I normally use task cards as a review before an assessment. The following set includes questions involving adding and subtracting rational numbers. Task cards are a hybrid of stations. What I like most about task cards is that groups (2 to 4) work at their own pace, not having to worry about a timer that indicates they should be finished. This alleviates groups from waiting on other groups and groups feeling that they have to go faster than they should just to keep up.
These are a little more work for the teacher in that they need correct multiple groups when they are finished, but I think the upside definitely outweighs this.
• Students start with the same task card. Each task card contains four sections which may contain multiple questions.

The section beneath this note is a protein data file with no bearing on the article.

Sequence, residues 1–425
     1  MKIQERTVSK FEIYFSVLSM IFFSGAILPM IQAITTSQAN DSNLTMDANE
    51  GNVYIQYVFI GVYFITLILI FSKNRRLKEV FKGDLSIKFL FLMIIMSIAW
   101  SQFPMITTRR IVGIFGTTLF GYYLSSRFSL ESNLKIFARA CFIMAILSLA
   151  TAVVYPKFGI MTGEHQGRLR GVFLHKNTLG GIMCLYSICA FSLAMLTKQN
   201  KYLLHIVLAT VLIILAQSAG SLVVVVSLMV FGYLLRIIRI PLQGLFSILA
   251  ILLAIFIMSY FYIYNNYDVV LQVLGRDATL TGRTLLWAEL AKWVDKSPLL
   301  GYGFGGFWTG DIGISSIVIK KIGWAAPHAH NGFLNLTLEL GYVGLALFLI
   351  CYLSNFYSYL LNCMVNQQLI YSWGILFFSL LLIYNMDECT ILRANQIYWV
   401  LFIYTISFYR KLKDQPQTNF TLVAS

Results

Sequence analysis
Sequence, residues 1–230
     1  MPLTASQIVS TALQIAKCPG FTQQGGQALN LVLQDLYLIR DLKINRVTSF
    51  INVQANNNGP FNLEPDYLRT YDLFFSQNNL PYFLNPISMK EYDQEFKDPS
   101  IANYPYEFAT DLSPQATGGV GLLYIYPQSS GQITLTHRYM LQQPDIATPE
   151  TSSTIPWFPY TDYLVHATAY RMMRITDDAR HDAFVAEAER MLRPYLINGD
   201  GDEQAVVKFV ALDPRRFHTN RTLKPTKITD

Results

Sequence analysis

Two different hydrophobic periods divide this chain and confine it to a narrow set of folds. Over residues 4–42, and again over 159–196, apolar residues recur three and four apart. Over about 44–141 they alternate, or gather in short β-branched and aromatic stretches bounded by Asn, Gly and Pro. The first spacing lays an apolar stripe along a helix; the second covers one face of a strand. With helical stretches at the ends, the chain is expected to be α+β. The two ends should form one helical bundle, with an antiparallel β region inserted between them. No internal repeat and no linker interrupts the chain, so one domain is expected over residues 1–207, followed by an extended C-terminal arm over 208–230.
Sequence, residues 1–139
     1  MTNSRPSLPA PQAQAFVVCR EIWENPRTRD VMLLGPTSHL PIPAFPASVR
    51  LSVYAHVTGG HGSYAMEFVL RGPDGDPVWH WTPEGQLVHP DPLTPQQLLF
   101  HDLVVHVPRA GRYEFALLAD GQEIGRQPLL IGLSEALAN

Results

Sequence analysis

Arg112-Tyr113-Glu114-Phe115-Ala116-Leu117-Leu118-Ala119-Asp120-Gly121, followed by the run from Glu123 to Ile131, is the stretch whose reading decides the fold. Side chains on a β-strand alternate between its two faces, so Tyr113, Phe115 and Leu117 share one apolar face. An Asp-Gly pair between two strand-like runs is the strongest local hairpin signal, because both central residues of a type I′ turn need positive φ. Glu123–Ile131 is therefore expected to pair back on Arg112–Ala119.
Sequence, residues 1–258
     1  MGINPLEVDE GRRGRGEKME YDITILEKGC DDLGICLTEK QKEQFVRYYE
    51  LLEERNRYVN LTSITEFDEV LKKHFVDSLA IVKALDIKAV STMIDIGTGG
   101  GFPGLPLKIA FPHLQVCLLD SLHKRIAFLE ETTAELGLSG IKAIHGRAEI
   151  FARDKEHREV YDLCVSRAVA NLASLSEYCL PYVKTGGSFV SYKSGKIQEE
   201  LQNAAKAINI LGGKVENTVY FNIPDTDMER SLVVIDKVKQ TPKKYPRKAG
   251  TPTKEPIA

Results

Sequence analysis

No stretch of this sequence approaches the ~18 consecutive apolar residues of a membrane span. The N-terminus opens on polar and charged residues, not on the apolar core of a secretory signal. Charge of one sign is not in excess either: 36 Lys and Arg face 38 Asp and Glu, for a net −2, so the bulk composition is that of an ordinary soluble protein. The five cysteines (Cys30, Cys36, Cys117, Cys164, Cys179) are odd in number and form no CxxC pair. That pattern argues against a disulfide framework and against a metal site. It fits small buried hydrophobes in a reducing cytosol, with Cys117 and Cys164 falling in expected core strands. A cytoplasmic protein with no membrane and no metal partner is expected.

• Students work as a collaborative team to answer each question.
• Teams raise their hands when the group is finished. Everyone must have the same answer and show work for every single problem.
• The teacher checks the work and answers of a random group member ensuring everything is correct. Groups are given a new task card if they are correct. They are given advice/guidance if they are not. They are told what they need to go back and check. Teachers decide how much help should be given to the group based on their level.
• The process continues until the end of the period.
Task cards promote collaborative thinking. They allow the students to work though their struggles as a group instead of waiting for the teacher to provide the correct answers. They are great for both homogenous and heterogenous groups depending what your intentions are. Homogenous groups allow the teacher to concentrate and provide extra support for lower groups while higher groups work on their own.